Wattanapume "Best" Laisuwanchai's debut documentary is up for Best Cinematography at the 27th Suphannahong National Film Awards. 

In honor of March, that month of film awards, we asked for five favorite films from director Wattanapume "Best" Laisuwanchai, 29, whose debut documentary Phantom of Illumination is a contender for the Best Cinematography award at the 27th Suphannahong National Film Awards (Mar 11).
 
1. Daughter (Thai, 1994)
Director: Prince Chatrichalerm Yukol
Drama. The film follows teenagers in a Bangkok slum who decide to escape reality by using drugs.
What Best says: “This film is an insightful look at the outbreak of drug usage among teenagers in Thailand. I like that it allows the audience to view the drug problem through the eyes of the police, the children in the ghetto and the drug dealers. Think about it, these people are the least talked about in other films. It’s a shame that Prince Chatrichalerm Yukol doesn’t do films that talk about common people anymore.”
 
2. Midnight My Love (Thai, 2005)
Director: Kongdej Jaturanrassamee
Drama/Romance. The film follows a night chief taxi driver trying to let go of his ex-girlfriend. He has the same routine every night, listening to Suntaraporn music on the AM broadcasting, writing letters to his favorite radio show and eating at the same food stall.
What Best says: “I first saw this film when I was in grade 11. The scenes of Bangkok at night along with the old songs always impress me. When I drive around the city at night, the film instantly appears in my mind. Always. This is my most frequently-watched film.”
 
3. Mirror (Russia, 1975)
Director: Andrei Tarkovsky
Biography. Adapted from the director’s own childhood, the film depicts the memories of a dying man, from childhood and family through war, with the history of Russia also captured.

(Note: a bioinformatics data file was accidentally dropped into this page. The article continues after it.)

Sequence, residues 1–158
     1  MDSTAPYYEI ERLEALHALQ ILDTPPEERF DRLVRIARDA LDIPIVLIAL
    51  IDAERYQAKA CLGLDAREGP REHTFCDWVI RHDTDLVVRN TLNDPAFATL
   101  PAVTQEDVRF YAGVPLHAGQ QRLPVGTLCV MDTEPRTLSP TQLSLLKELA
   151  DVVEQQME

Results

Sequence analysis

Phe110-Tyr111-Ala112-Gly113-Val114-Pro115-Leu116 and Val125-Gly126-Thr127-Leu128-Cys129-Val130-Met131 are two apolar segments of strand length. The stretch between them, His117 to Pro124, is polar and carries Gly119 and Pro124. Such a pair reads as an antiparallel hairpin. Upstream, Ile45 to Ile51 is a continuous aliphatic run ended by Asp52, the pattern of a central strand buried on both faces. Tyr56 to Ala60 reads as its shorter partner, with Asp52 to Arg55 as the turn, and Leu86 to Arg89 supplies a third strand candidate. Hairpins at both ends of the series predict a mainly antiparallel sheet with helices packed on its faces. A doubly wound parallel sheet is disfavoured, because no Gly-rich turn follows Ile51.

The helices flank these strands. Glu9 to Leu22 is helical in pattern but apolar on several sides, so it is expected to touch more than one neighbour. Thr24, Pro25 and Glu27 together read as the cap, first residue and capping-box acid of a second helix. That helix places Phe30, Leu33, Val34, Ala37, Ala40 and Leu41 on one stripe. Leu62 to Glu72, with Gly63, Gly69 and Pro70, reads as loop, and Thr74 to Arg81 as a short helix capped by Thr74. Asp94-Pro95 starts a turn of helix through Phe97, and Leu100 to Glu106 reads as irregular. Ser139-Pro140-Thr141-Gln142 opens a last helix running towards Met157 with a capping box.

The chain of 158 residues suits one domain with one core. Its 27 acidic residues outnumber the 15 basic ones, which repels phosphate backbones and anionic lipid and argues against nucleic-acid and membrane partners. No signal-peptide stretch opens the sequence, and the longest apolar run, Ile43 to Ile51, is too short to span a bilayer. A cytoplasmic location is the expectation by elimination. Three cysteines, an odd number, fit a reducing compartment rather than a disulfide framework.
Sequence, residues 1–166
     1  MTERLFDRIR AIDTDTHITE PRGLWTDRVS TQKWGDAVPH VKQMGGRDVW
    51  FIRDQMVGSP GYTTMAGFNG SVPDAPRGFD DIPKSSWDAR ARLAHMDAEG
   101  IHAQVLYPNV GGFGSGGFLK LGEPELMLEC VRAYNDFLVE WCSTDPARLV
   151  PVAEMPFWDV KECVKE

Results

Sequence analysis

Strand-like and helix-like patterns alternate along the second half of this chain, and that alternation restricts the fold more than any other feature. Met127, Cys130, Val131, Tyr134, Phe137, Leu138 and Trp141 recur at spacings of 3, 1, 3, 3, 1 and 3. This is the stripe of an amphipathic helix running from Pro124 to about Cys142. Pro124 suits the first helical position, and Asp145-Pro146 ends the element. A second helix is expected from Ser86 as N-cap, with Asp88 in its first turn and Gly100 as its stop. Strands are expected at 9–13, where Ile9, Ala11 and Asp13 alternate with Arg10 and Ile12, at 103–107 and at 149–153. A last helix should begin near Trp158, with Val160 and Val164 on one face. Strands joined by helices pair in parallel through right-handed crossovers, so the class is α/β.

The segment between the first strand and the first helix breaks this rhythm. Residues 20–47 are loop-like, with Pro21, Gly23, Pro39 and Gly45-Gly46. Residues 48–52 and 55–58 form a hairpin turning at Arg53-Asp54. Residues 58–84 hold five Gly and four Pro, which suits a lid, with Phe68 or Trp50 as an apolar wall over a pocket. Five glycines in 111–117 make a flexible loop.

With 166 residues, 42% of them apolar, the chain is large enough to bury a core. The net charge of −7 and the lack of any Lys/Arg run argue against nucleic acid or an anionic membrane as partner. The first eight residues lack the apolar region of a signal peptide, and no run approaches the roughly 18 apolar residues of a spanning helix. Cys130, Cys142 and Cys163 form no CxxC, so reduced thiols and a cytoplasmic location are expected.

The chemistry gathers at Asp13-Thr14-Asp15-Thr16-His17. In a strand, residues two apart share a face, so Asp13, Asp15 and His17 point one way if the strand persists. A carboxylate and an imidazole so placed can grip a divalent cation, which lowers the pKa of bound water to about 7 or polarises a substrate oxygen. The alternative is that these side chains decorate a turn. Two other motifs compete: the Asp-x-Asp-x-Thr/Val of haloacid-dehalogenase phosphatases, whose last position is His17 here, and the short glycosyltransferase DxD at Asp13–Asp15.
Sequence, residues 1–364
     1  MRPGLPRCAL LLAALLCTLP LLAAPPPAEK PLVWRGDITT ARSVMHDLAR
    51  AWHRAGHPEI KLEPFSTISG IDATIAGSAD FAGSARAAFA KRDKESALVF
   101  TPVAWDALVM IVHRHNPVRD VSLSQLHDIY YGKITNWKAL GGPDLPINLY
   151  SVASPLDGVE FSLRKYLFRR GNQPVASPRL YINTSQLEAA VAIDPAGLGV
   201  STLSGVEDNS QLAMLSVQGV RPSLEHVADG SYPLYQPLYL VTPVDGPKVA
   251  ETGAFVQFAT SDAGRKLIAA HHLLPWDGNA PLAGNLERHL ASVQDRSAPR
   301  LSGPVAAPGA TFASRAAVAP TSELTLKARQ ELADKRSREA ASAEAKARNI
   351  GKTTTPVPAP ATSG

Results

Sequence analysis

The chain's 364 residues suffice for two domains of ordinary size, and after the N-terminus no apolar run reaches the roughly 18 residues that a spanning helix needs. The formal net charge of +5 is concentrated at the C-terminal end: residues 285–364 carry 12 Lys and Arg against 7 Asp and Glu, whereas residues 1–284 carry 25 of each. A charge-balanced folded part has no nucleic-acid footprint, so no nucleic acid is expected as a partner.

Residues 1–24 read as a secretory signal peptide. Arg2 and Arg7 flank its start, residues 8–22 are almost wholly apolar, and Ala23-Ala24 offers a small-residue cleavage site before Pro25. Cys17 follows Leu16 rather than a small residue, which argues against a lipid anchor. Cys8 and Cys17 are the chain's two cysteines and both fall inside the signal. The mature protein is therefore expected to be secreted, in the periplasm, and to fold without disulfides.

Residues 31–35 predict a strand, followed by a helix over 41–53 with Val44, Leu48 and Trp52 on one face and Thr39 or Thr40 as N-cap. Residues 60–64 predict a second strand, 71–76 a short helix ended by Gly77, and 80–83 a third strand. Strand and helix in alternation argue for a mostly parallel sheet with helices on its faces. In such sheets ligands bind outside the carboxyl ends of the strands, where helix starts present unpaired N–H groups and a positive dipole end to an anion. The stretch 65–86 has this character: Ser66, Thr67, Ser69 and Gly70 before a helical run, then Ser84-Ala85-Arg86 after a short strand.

What Best says: “Actually, I saw this one a long time ago when I was in university. The story narrates the memories of the director from when he was just a child. However, what interested me was the narration, which is super poetic using all the techniques of visual language and editing. It made me feel like I was half asleep, like I was dreaming which was very new to me at that time.”
 
4. 2001: A Space Odyssey (USA, 1968)
Director: Stanley Kubrick
Sci-fi. The discovery of a mysterious object sparks a mission to Jupiter with intelligent computer HAL on board.
What Best says: “I saw this film in the cinema and it was a real film screening. It’s a big, influential film in the industry. It never gets old even though it was created in 1968. Especially with the use of the jump cuts between humans in the stone age and the future. Also, we can’t forget the ending scene with all the visual effects by Douglas Trumbull, who was also in charge of the visual effects in 1982 Blade Runner. I deeply admire his work.”
 
5. The Mirror (Iran, 1997)
Director: Jafar Panahi
Drama. A journey to home of a young child in Tehran.
What Best says: “The film journeys into the home of a lost girl. It’s a general film shooting at first, but after the girl declines to act, the film turns into a documentary following a real journey to home of the girl. The film surprised me. I’d never thought that anyone could make a film like that. Whether it’s a fictional or a real story, this film can give the audience a cultural exploration of Iran with all the limitations and segregation happening. This director presents the problems of people’s lives beautifully in his other works as well.”